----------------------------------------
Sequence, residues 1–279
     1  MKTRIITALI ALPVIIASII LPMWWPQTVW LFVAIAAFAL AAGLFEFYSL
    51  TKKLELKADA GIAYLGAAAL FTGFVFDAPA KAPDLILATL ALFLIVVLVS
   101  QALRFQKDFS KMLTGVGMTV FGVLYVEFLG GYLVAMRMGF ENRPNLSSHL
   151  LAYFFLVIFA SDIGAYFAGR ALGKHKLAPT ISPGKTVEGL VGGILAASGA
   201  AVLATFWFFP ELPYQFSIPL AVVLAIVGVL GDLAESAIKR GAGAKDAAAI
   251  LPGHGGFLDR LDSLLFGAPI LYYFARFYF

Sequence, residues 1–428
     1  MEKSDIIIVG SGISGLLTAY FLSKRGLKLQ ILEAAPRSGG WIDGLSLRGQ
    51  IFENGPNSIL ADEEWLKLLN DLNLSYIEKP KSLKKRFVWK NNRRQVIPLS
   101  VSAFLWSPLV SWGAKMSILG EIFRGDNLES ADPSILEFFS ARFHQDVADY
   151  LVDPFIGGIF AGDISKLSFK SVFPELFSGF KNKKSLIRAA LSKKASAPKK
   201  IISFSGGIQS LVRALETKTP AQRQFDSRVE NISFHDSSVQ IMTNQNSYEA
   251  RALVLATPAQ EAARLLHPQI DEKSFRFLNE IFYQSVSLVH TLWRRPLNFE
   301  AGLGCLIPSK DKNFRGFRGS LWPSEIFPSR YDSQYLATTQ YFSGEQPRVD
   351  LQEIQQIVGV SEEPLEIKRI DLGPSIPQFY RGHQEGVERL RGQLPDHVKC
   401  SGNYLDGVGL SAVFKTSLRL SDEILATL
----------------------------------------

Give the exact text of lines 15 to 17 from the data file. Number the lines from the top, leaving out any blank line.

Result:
   301  AGLGCLIPSK DKNFRGFRGS LWPSEIFPSR YDSQYLATTQ YFSGEQPRVD
   351  LQEIQQIVGV SEEPLEIKRI DLGPSIPQFY RGHQEGVERL RGQLPDHVKC
   401  SGNYLDGVGL SAVFKTSLRL SDEILATL